Assume a positive Borel measure $\mu$ on $\mathbb{R}$ is given and that there is $b>0$ such that $$\int_{\mathbb{R}}e^{b|x|}d\mu(x)<\infty.$$ Then it should hold that the Fourier transform $$\hat{\mu}(t)=\int_{\mathbb{R}}e^{itx}d\mu(x)$$ is an analytic function in the strip $\{t\in\mathbb{C} \mid |\Im t|<b\}$.

I think that there is a variant of Paley-Wiener theorem stating exactly this, though I can not find it anywhere.

I have looked in some books: first the Hormander's book and next the Reed&Simon's book (vol.2), but a variant of the theorem suitable to my case is not there.

Can anybody help me with that?

Recall that there is a theorem stating exactly what I need for Fourier transform of $\textbf{functions}$ from $L^{2}(\mathbb{R})$ [e.g., R&SII Thm. IX.13]. A more general theorem dealing with $\textbf{tempered distributions}$ (of course, the measure $\mu$ can be understood as a tempered distribution) also exists, but the one I found in [R&SII, Thm. IX.14] gives only the opposite implication to what I need.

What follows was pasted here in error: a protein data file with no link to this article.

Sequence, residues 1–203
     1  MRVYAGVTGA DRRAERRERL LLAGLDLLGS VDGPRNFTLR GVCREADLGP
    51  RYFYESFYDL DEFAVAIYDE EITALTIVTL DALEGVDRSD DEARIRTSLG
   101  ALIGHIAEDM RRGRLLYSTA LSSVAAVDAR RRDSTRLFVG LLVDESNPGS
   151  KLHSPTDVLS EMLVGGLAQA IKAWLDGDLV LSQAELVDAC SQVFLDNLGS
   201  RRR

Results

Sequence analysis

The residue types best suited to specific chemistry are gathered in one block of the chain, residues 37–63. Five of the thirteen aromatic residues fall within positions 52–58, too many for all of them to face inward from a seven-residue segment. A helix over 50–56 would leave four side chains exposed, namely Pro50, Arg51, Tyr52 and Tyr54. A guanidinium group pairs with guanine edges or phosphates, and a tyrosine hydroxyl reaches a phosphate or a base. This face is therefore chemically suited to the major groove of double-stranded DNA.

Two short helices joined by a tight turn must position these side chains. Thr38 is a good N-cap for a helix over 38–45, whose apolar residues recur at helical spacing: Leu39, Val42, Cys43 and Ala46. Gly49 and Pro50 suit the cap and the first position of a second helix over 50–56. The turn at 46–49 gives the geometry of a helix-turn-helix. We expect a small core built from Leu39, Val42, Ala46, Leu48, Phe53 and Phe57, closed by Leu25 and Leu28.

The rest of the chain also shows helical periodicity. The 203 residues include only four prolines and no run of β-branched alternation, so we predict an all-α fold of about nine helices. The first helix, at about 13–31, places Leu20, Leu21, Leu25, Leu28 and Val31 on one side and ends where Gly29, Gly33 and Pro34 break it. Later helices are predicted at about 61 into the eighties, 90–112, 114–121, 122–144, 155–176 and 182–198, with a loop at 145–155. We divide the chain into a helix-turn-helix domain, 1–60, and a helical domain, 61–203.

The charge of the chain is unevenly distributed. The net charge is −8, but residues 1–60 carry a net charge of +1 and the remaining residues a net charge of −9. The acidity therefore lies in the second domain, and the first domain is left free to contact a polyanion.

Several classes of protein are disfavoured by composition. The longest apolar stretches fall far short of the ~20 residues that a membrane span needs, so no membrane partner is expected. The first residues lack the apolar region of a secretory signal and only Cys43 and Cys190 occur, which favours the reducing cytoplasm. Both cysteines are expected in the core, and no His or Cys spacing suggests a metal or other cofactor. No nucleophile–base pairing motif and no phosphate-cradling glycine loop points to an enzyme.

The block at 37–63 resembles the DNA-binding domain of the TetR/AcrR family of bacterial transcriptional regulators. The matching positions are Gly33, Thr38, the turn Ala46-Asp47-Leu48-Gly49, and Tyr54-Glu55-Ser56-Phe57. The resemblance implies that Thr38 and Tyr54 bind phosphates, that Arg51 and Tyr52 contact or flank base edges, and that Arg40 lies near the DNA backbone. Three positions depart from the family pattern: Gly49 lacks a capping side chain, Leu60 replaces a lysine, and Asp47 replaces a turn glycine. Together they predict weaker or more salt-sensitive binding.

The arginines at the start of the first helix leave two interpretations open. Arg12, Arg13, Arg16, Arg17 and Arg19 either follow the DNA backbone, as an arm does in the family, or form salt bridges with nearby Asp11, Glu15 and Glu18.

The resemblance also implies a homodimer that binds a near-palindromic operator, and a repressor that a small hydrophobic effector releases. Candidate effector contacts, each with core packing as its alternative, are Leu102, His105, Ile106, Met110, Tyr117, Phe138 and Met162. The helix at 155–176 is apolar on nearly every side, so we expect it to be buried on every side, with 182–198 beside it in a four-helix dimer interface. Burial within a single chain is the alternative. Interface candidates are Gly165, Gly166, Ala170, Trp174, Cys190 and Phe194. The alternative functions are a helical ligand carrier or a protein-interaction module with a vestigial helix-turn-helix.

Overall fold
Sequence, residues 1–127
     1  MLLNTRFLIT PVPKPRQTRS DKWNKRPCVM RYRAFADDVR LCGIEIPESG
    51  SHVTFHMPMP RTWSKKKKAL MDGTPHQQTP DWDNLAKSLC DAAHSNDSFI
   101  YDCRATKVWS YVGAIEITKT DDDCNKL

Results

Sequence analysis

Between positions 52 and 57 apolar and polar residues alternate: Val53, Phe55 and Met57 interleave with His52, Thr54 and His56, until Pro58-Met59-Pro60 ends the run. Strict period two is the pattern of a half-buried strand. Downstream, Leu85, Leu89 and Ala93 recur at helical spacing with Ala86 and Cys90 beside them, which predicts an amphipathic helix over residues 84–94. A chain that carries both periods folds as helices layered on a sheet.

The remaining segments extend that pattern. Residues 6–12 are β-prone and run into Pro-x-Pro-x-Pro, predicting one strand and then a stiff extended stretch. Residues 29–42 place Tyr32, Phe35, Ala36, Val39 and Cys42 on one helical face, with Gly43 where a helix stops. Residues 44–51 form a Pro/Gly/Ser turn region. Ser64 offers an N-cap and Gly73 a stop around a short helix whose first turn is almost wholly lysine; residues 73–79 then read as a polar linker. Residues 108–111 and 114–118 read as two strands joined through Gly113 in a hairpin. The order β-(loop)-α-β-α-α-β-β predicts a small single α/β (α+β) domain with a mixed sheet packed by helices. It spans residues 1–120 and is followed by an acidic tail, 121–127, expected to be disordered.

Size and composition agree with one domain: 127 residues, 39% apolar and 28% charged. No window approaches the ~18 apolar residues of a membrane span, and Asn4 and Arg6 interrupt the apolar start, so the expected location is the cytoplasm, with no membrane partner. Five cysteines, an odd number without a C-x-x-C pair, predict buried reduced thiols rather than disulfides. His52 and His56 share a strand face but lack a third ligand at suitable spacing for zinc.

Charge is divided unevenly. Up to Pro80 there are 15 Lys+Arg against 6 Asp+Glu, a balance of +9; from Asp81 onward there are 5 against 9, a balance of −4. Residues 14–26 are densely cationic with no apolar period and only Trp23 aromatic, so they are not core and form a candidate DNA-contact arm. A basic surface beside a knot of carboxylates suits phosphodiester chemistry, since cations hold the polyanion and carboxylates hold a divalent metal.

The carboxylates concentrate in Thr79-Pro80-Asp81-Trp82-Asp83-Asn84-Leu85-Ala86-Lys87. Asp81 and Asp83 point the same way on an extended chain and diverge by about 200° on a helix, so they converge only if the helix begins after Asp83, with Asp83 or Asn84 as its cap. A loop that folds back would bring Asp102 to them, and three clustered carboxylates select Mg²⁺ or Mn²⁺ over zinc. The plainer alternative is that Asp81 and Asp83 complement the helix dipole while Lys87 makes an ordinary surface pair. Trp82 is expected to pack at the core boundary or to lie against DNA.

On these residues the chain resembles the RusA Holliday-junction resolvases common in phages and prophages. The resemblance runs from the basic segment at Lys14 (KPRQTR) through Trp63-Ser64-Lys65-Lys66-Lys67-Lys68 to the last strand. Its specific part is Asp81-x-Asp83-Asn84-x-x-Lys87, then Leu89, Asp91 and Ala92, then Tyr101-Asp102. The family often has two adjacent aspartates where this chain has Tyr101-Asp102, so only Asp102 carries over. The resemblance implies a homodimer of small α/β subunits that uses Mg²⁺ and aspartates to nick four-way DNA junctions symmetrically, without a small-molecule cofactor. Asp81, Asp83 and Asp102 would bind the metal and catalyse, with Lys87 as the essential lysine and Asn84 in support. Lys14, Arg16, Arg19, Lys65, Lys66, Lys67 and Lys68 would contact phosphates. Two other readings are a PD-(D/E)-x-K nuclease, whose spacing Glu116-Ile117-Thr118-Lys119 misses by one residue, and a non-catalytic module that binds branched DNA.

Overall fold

If you're not finding exactly this it's because this is the trivial direction; the converse you mention is harder. For the result you ask about just differentiate under the integral!

Or to put it another way: Fix $t$ in that strip. The hypothesis turns out to be exactly what you need to use dominated convergence to show that $\lim_{h\to0}(\hat\mu(t+h)-\hat\mu(t))/h$ exists. (Restrict to $|h|<\delta$, where $\delta+|\Im t|<b$.)

  • $\begingroup$ Yes, you're right. It's indeed quite easy...thanks for giving a clue. $\endgroup$ – Twi Sep 7 '15 at 15:51

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